Watching a glimpse of “The Wizard of Oz” in IMAX 3D earlier this week at the reconstructed Chinese Theater took some adjusting. Talk about a hybrid of the old and new (the 3-D was a bit of an eye-opener, though, and wasn’t at all distracting). Then again, there’s always been something hyper-real about three-strip Technicolor, and transforming Sid Grauman’s ornate movie palace into a more immersive IMAX experience by the new TCL ownership is perfect for 21st century exhibition.
The 18-month 3-D conversion was earmarked for this year’s 75th anniversary “Oz” celebration (even though it was released in ’39), which includes a one-week engagement to relaunch the Chinese beginning September 20, followed by the October 1 release of a 5-disc “Collector’s Edition” Blu-ray 3D/Blu-ray/DVD set from Warner Bros. Home Entertainment.
Although they only previewed three scenes, it was a nice sampling: the introduction of the Tin Man, the storming of the Wicked Witch’s castle, and the climactic castle chase. You get a wonderful sense of depth with so much layering (especially with the multi-plane castle effect), and the detail is stunning (from the Scarecrow’s burlap texture to the Cowardly Lion’s fur; from the extra rivet on the Tin Man’s face to Dorothy’s freckles).
Granted, a flat IMAX experience would’ve yielded the same detail with greater contrast, but “Oz” is well-suited for 3-D, given how much it relies on effects. It’s basically an animated movie with live actors, and the 3-D conversion makes primary use of animated techniques, particularly rotoscoping. The conversion was by Prime Focus, which also did such a great job on “Gravity,” and then IMAX applied its proprietary remastering for the large screen.
It was admittedly daunting for Ned Price, VP of Mastering, Warner Bros. Technical Operations, who’s been close to “Oz” for a quarter of a century as a result of overseeing various re-masterings and a digital restoration. “Where was the grain going to go?” he wondered. “But I was pleased to see that it had its natural texture. I was also pleased that the 3-D wasn’t pushed too much. Prime Focus made the 3-D very comfortable.”
Working closely with Price, Prime Focus started with a depth script, isolating every element within the frame, which was divided into layers. They started shallow with the sepia opening in Kansas and then amped up the depth when Dorothy opens up the door to the Technicolor Oz. “That was a cool effect, picking points of contrast,” remarks stereographer Justin Jones, who’s also involved in look development.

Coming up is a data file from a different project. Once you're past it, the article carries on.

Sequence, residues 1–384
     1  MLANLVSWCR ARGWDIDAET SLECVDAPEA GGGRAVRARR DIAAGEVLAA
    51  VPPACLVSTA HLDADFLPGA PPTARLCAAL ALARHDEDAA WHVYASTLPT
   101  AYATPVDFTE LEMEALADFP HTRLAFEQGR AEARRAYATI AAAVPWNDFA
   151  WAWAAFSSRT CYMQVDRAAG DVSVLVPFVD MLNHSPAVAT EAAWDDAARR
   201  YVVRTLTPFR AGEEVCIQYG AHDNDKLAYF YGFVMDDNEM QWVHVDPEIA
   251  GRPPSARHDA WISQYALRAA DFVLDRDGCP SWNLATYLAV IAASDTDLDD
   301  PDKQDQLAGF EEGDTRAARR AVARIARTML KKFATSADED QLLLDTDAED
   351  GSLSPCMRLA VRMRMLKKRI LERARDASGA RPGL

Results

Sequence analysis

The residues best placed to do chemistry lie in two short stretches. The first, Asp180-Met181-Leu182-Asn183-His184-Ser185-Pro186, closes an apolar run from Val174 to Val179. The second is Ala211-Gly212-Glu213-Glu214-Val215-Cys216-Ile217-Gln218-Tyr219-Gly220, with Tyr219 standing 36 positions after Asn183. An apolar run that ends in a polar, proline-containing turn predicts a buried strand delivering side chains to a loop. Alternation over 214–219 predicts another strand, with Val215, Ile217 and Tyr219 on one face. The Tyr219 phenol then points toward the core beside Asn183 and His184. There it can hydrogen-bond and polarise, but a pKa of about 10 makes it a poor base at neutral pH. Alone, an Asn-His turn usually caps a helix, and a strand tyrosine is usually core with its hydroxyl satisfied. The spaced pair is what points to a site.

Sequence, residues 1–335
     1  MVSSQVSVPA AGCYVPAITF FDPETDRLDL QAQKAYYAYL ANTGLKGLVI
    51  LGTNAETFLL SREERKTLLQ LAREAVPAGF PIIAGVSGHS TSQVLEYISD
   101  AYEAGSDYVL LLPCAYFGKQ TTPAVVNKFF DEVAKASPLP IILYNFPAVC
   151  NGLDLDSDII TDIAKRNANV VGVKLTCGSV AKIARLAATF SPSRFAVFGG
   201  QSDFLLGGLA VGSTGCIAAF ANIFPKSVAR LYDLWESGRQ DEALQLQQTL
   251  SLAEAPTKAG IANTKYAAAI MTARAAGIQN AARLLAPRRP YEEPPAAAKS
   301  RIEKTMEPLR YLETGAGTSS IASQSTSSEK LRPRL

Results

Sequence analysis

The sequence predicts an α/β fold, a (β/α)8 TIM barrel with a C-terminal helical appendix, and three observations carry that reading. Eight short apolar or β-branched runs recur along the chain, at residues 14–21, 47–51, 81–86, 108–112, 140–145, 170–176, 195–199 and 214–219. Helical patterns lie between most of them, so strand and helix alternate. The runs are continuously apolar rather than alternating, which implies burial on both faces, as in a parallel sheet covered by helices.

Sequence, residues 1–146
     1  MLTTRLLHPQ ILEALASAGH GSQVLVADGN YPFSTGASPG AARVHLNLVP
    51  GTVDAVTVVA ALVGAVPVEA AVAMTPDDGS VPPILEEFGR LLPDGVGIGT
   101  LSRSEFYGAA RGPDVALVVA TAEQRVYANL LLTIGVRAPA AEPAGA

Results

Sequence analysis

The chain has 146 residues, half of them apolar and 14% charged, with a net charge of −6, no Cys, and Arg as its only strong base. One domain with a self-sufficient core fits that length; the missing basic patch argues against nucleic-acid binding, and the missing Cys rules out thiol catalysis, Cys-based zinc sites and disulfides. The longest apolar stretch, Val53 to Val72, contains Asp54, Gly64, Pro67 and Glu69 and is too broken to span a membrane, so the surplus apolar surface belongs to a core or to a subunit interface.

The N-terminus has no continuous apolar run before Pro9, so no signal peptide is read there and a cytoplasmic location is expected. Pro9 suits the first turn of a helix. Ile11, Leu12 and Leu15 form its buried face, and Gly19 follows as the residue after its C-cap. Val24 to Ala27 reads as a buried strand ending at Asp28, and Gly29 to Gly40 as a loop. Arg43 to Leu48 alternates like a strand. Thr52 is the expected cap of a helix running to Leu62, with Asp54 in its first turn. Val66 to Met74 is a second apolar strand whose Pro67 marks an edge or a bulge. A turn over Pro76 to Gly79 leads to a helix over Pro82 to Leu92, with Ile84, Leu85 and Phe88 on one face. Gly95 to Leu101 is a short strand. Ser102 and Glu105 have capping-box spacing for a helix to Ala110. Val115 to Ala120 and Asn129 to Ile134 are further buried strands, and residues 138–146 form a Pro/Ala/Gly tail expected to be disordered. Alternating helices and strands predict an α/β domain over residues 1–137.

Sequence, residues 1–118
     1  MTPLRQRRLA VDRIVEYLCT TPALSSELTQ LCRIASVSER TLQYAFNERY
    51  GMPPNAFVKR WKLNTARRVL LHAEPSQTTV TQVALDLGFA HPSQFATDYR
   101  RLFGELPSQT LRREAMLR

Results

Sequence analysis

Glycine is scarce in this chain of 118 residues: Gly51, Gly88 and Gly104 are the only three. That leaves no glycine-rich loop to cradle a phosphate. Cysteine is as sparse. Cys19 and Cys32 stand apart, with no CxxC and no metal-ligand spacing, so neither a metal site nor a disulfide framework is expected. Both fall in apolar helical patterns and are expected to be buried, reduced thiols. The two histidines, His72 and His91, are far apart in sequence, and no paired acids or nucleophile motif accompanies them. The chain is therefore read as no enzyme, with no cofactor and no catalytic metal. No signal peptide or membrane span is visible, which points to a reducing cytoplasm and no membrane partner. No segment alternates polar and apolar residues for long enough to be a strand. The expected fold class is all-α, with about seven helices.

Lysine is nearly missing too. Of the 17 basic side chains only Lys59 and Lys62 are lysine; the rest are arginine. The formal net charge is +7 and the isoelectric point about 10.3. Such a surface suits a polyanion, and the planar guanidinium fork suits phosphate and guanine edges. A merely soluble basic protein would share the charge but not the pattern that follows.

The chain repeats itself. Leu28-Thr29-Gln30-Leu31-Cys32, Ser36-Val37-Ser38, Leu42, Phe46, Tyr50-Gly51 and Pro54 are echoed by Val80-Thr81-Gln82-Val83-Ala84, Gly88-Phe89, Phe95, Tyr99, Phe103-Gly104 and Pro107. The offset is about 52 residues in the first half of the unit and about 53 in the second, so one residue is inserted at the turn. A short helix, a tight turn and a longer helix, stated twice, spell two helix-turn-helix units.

“It was the longest and most complex shot,” adds Price. “There were a lot of 3-D elements like the flowers standing alone and the rotation was very difficult.”
Jones admits that adjusting to the extreme shot length so prevalent in Hollywood movies of the era was the biggest challenge. “Normally, we work on shows with 1,800 shots, but with ‘Oz’ there were only 661 shots. An average shot lasted several seconds. Then you have shots that blend into each other, which doesn’t happen anymore and were treated as one long shot to be consistent. There was also the complexity of the sets with the crowds of Munchkins and trees and foliage. We had to be really efficient with different stages from pipeline development, dealing with the assets and file transfers back and forth between all of our facilities worldwide.
“The cameras were very slow and you have a lot more time to look around the frame, which provides more freedom to viewers to check out what they want and get more immersed. It makes it technically challenging to have everything hold up to the same level of quality.”
However, Prime Focus decided to “break the walls” of the stage-set backgrounds, selectively adding depth to some of the painted backdrops to enhance the illusion of the environments they depicted, including the yellow brick road, which now appears to stretch farther out. But they had to be careful to avoid too much miniaturization, so careful sculpting was required. Fortunately, the original cinematography contained a great amount of shadow detail that made such sculpting easier.
They also added the appearance of depth to some of the characters: the Wicked Witch’s nose was distorted slightly in 3-D and her hat and fingers were exaggerated to make her seem scarier. At the same time, the Munchkins were made to appear smaller than other characters and objects.
Price, meanwhile, says it was invaluable having the original blueprints for the sets to size them correctly. “I think of it like animation and the blueprints came in very handy to tell if, for example, rounded objects in the Wizard’s room are concave or convex.” Indeed, it was like redesigning the movie all over again for 3-D.
And then IMAX took over with its render-based process for managing grain and sharpness, and, thanks to a new software suite, the inherent source material of “Oz” has been brought out even more accurately and dynamically on the new IMAX screen.
Speaking of which, the newly renovated Chinese by TCL keeps the historical decor intact (including the ceiling and carpeting) while offering a state-of-the art IMAX experience with additional volume, LED lighting, improved acoustics, and stadium-style seating for nearly 1,000. In fact, to achieve the 94 x 46 screen size (the third largest commercial screen in North America), they had to dig about 15 feet underground into the orchestra pit and basement.
And for those wondering about projection, it’s all digital in both booths (even for IMAX large-format film maven Christopher Nolan). For IMAX presentations, they’re using the dual 2K system. But by the end of next year, TCL intends to raise the bar by installing innovative IMAX 4K laser projection (offering 8,000:1 resolution compared to 2,800:1 for IMAX digital or 4,000:1 for IMAX film). Of course, that would entail further remastering of “Oz” to keep up with the “great and powerful” changes in exhibition.